The June 26, 1937 issue of the Sandusky Register reported that nearly six inches of rain fell in the 24 hour period between the evenings of June 24 and June 25. Hundreds of people were without electricity and telephone service. The Erie County Engineer reported that practically every road in the area was impassable at some point, because of high water. Sandusky was isolated from the rest of the world, as the subways at Hayes Avenue (pictured above), Camp Street, Columbus Avenue, and Tiffin Avenue were flooded. Trucks were stranded in the flooded subway on Tiffin Avenue:
Making the most of a difficult situation, some youngsters went swimming in the high waters.
Several local factories had to cancel operations because of damage to stock and materials, including the Madison Street plant of the Hinde and Dauch Company, the Farrell-Cheek Foundry, the Holland-Rieger Company, and the G. & C Foundry. Providence Hospital incurred over $50,000 worth of damages. The Emergency Room, X-Ray Department, medical supplies room, and kitchen were all under water. Bellevue was the hardest hit community in the June flood. A young man, Emerson Zippernick, drowned while swimming in a pond during the extreme downpour of rain. National Guard troops were called in to Bellevue to help avoid a railroad embankment from giving way.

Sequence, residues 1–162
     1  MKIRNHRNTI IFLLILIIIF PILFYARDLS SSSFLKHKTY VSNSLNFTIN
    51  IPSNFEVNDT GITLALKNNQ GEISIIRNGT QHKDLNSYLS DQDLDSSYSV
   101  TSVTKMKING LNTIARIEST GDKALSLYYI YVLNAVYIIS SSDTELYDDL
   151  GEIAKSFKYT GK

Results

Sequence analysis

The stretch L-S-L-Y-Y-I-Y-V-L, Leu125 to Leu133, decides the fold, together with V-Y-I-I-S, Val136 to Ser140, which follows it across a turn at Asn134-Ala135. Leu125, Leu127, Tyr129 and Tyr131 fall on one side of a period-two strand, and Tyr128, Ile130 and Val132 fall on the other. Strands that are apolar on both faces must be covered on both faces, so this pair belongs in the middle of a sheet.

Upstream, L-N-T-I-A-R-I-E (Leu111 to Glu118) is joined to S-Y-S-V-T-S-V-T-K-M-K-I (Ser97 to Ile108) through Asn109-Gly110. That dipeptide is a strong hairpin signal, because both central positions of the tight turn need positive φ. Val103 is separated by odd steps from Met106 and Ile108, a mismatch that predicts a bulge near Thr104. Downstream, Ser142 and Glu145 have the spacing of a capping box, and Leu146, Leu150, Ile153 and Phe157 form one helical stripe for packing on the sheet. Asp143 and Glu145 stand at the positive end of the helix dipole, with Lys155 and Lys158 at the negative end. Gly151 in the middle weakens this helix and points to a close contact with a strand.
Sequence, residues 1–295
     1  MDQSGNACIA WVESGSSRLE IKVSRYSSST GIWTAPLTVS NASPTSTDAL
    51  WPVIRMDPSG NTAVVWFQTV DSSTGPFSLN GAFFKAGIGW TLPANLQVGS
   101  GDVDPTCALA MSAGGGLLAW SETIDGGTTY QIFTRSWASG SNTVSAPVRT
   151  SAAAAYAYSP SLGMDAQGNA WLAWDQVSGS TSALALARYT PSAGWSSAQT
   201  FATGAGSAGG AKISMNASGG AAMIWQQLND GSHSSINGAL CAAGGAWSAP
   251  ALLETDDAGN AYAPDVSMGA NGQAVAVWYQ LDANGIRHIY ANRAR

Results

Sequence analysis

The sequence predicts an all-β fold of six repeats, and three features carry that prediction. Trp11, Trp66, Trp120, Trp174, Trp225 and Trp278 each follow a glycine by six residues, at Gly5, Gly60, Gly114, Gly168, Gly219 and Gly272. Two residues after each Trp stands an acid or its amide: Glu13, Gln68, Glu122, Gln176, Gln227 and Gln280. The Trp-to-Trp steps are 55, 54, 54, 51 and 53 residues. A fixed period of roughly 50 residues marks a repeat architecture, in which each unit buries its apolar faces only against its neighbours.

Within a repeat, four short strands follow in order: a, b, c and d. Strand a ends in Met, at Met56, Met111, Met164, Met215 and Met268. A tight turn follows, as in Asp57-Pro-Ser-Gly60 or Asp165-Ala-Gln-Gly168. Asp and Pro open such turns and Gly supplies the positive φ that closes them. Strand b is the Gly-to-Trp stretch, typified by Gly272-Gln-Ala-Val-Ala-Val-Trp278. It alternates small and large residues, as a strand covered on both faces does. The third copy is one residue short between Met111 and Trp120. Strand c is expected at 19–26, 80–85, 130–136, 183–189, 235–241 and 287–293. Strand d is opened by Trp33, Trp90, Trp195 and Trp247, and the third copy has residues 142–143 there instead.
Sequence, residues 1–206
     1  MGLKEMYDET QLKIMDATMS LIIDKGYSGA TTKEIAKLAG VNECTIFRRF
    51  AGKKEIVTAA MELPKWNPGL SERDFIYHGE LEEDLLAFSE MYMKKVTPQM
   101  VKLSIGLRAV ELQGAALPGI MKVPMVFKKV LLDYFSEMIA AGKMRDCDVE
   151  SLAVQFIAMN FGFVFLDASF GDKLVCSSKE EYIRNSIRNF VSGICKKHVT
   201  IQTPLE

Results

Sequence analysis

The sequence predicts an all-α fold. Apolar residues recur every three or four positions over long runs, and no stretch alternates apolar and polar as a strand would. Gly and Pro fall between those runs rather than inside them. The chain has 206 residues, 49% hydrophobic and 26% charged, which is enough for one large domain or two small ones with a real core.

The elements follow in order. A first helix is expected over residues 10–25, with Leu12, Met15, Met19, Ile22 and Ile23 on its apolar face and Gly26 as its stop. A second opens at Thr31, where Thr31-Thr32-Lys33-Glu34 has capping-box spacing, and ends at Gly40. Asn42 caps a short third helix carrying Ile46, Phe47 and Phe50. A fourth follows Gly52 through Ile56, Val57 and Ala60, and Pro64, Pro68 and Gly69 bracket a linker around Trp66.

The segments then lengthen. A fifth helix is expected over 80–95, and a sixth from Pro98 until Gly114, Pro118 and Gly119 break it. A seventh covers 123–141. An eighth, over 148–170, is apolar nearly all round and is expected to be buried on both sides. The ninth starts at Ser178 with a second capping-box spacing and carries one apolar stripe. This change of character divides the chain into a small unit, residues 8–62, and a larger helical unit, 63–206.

Earlier in 1937, the OhioRiver flooded, causing the deaths of over three hundred people, and leaving thousands homeless.
The Sandusky Register and Sandusky Star Journal provided extensive coverage of the northern Ohio flood of June, 1937. Visit the Sandusky Library Archives Research Center to read about this event. The Archives Research Center has in its holdings microfilmed copies of Sandusky newspapers dating back to 1822.